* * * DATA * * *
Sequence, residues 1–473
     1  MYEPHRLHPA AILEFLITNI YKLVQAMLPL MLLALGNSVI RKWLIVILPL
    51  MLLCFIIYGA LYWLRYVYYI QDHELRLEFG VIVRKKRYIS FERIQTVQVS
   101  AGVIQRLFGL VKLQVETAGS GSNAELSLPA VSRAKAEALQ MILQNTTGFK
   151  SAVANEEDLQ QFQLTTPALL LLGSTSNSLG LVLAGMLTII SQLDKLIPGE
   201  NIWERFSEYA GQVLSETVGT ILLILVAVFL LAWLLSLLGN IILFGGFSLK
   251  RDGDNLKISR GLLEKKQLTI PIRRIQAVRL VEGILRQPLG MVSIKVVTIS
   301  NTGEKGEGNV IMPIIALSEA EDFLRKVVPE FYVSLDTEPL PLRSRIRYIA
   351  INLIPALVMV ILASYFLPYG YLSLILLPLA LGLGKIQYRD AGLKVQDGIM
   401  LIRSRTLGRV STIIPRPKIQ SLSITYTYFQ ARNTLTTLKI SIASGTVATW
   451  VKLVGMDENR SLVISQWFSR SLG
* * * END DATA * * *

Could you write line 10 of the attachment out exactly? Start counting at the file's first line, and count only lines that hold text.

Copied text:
   401  LIRSRTLGRV STIIPRPKIQ SLSITYTYFQ ARNTLTTLKI SIASGTVATW